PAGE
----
Sunday, September 22, 2013

TV Stand - Part II, Making dust.

This weekend I dug into the pile of lumber for the tv stand.  I had already gotten the legs milled square so next up was all of the stretchers for the case.
Leg blanks on the right, pile of stretchers on the left.
The one piece of equipment that I really wish I had room for is a jointer.  Until the day I come across a deal too good to pass up and just make room for one I'm working on my upper body conditioning.  working my way through that stack of lumber above proved to be great practice.  I really do appreciate how nice cherry is to work with.
First step was to touch up the blade on the jointer.  
Next up are traversing passes with the #5.  The cambered blade makes quick work of the rough cut surface. 

Then on to the #7. 
I ended up breaking out the feeler gauges to speed things up. ..yes speed them up.  With the gauges I had a way of knowing it was flat enough and not chasing after that last tiny bit of light under the straight edge.  Went for 0.005" flatness on the faces and 0.002" on the edges.
Checking the edge to make sure its still square.
Finally done jointing.
I spent the better part of saturday getting the rest of the parts jointed.  Then it was time for a bike ride.  fall is on its way, there was some color already up high.

Today I took the dog out on the bike first thing to wear her out then it was back to the shop.

Got the router set up to cut the mortises on the legs.
One new addition the arsenal for this project was a edge guide for the router. It sure beats cutting mortises at the router table.  After one un-intended practice leg and some more milling practice I made some real progress.  I found that plunging to full depth at either end of the mortise first made things much easier.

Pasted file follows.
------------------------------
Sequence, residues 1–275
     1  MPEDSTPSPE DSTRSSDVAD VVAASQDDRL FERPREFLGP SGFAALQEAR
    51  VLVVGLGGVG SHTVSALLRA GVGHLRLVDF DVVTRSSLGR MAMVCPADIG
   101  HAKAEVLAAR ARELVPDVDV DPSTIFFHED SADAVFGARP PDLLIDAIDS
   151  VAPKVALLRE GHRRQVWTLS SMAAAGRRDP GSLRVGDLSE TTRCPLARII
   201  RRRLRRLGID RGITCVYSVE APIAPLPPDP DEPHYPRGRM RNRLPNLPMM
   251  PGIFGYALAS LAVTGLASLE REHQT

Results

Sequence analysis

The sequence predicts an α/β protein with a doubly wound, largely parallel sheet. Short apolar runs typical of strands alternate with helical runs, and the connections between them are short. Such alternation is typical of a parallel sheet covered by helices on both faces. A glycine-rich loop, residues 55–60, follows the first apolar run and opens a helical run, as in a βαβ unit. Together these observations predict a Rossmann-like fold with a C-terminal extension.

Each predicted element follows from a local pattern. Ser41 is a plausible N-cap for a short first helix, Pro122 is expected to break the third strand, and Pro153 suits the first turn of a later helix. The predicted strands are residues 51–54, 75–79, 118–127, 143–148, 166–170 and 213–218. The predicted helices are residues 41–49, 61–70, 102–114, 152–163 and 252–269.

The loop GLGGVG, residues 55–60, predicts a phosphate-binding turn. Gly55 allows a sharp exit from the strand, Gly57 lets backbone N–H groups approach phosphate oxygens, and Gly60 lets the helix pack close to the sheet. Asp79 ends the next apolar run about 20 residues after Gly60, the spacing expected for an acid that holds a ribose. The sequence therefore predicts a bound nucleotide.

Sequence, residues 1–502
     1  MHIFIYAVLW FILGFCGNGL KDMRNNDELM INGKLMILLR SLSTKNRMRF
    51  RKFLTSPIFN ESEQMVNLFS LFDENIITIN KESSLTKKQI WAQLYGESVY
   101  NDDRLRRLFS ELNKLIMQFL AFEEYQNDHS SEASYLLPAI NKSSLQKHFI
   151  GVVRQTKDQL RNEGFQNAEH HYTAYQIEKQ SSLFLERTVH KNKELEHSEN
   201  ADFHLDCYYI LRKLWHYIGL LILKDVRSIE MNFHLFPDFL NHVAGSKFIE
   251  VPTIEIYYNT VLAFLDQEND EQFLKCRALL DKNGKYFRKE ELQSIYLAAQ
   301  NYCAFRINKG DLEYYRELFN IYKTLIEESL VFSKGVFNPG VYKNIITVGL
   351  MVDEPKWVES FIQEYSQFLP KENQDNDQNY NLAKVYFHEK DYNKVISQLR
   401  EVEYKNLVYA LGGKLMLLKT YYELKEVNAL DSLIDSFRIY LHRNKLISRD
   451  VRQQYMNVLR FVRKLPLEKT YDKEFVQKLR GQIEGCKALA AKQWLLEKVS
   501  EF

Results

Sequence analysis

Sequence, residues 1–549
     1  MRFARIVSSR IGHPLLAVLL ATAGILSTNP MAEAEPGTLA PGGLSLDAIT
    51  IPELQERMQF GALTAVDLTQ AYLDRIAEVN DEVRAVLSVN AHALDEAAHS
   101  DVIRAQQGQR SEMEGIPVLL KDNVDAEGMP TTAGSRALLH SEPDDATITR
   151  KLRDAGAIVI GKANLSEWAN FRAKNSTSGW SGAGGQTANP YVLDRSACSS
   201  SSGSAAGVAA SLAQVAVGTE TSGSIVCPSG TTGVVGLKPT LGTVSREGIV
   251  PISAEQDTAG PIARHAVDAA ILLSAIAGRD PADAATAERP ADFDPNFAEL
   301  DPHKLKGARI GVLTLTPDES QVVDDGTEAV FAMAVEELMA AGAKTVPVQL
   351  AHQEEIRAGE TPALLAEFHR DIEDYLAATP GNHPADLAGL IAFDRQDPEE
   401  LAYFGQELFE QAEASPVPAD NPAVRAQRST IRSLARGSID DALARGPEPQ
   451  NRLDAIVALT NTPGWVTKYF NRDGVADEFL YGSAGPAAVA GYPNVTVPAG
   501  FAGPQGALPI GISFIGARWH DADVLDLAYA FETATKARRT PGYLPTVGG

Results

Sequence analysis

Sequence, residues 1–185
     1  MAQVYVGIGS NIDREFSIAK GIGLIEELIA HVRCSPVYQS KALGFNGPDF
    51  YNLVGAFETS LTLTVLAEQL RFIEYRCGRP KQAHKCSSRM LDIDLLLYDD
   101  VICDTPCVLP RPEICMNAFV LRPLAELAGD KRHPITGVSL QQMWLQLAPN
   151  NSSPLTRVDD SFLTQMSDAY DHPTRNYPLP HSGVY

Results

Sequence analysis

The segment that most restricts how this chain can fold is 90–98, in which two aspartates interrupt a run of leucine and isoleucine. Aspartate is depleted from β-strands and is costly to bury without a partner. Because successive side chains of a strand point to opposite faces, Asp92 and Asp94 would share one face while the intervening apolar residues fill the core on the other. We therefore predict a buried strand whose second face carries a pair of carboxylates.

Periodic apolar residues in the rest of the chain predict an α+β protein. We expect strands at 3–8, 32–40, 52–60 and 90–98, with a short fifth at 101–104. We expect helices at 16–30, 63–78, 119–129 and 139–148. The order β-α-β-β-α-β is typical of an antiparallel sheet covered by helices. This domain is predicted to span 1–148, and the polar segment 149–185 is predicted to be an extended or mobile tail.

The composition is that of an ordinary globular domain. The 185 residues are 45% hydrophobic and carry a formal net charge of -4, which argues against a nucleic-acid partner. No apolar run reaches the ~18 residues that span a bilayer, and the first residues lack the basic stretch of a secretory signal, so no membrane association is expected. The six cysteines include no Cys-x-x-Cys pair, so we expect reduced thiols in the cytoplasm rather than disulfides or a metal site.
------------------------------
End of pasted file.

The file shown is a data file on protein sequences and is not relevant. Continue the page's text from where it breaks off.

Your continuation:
Then it was on to finishing up the milling for the stretcher stock.  I'm not sure whether the thickness planer or the bandsaw were the best addition to the shop this year, but I'm glad I've got both of them.

The final task for the evening was to get the table-saw and bandsaw set up to cut the tenons.  Test boards fit well but I'm still not sure about cutting the tenon cheeks on the band saw.  I may end up putting the dado stack on the table saw even though it doesn't leave quite as clean a surface.

That's all for tonight.


  1. Funny, I have a power jointer, but I am thinking of ditching it and go to hand planes. :) Looks good so far. Do you have any photos of your workbench?

  2. has a few pictures. It isn't anything too special. I do need to make a solid top for it at some point so I can keep it flat.

  3. Do you have a shoulder plane?,41182,41192&p=48430
    If so, no problem cutting the tenons with the table saw with a dado stack. If you don't however, I'd suggest cutting them with a rip blade (square teeth) and a tenoning jig. You'll get smoother cuts that way. Your other option, if you have neither, is to undercut with the dado and sand to fit.